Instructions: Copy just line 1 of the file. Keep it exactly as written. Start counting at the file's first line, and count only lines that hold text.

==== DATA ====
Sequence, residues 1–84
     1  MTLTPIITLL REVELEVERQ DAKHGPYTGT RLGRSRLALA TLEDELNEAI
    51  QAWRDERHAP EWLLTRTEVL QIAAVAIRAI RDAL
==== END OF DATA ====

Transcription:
Sequence, residues 1–84